Saturday, July 2, 2011

Minnesota needs to get meaner (and so do the rest of us)

In case you missed it, the state of Minnesota closed all state parks and stopped all other non-essential functions as the governor and state legislature failed to reach a budget agreement by the new fiscal year (July 1st).

Allow me to say a few things here.

First, as many of you know, I consider Minnesota my second home. I try to get away to the Land of 10,000 lakes as much as I can with my family. This is a state filled with natural beauty, quiet and people who are actually enjoyable to be around. Now, my plans for this summer have potentially been thwarted by politicians who would rather preserve the welfare state than have state parks.

This is the problem. I - and other people - work hard for the money I earn. I like to spend part of that money on vacation. I like to vacation in many of the parks in Minnesota. Now I can't. At the same time, people in Minnesota who do not work hard - or at all - will still receive welfare checks, housing assistance, medical assistance and more on my back and the backs of my fellow sufferers. The bums get paid, the productive people get closed camp grounds.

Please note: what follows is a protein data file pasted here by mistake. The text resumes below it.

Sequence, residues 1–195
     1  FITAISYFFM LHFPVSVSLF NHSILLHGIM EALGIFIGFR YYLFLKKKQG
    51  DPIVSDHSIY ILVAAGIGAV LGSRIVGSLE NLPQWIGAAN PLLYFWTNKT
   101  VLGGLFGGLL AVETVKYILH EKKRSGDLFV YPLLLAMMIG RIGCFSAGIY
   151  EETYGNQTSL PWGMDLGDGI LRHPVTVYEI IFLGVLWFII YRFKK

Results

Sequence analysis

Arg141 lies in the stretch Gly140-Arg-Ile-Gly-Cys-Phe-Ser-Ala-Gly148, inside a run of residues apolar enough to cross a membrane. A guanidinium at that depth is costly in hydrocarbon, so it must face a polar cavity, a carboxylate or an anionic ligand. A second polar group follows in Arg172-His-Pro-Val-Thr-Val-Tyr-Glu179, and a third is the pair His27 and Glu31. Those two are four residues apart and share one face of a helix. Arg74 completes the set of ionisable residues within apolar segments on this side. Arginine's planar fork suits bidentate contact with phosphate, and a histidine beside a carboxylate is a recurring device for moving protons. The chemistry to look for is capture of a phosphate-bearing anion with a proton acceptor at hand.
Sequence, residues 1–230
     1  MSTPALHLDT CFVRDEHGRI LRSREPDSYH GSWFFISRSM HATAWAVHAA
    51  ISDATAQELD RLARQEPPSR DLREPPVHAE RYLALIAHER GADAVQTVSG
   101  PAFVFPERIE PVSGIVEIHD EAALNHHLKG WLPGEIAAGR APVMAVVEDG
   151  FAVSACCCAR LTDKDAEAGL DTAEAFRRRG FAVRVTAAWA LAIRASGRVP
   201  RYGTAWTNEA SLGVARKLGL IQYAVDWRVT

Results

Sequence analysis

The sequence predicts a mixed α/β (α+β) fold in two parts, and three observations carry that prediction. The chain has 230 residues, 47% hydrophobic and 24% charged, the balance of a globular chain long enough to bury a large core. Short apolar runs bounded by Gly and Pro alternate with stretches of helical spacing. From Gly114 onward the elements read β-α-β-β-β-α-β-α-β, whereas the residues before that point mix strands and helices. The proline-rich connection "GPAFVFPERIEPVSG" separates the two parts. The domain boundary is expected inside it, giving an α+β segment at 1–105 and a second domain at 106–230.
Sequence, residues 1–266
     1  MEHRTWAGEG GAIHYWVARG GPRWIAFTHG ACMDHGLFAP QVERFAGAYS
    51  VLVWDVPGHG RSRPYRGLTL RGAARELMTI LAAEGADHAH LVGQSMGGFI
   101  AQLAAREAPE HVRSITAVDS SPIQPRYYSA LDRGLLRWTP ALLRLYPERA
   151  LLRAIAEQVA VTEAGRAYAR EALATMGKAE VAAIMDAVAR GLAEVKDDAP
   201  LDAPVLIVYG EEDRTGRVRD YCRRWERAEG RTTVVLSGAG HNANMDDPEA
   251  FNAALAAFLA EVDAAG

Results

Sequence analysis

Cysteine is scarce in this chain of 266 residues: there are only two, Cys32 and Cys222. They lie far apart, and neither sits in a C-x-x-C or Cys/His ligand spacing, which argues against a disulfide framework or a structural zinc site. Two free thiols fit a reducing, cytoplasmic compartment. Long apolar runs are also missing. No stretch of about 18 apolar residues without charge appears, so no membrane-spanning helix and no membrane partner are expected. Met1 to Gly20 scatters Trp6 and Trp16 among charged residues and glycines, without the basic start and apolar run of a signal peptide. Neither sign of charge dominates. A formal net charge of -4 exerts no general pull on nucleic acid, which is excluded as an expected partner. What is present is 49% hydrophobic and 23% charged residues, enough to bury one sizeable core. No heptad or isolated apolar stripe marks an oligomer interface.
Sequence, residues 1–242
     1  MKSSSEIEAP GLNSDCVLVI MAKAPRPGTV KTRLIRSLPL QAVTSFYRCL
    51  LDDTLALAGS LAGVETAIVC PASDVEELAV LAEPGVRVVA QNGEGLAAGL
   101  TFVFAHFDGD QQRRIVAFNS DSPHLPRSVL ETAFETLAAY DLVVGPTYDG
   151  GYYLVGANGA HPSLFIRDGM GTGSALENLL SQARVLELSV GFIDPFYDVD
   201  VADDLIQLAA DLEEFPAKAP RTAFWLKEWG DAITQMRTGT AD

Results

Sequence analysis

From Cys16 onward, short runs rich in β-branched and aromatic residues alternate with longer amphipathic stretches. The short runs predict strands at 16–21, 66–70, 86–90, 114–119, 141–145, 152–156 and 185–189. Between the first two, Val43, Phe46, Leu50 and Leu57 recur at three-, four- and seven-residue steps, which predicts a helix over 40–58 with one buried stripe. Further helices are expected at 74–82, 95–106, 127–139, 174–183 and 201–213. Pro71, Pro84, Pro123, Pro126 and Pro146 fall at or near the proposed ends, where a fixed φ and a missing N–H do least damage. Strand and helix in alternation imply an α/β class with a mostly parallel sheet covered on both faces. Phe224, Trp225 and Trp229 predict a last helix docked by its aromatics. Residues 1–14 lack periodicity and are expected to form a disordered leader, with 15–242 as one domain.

Do you see the bigger picture here? Flash forward 20 years from now. The baby boomers -in Minnesota, Florida and the other 48 states - will get their money, along with the younger welfare cases, while the rest of us will be expected to work, and pay, for their sloth. Those of us who work for a living rather than vote for a living will probably see other cuts in the services we pay for so that more and more Americans can feed at the public trough.

It is time for this country and the 50 states in it, to get mean. What would that look like? It would look like a line drawn in the sand by taxpayers who tell politicians that we will not continue to pay for the comforts of those who are being insulated from economic natural selection. If more and more states, along with the federal government, refused to expand the welfare state we would first see rational geographic mobility to the states that still pay handsomely for laziness. As those states become fewer in number we would see fewer births, less immigration (by immigrants who have learned about our welfare offices) and more people striving to take care of their own affairs.

In the long run we might even see places like France become the destination of choice for Americans who have run out of welfare havens to hide in.

I say good riddance - and open the camp grounds I am willing to pay for!

1 comment:

  1. You seem to say that baby boomers will be slothful when they retire, but SSI has been sold to them as a supplement to their other retirement savings. George Bush proposed allowing individuals to turn part of their SSI into a defined contribution plan. I think that would have made it clear that these retired individuals are not part of the crowd feeding at the public trough. Just because the present system uses the contributions as part of an "insurance pool" doesn't make the past contributors sloths.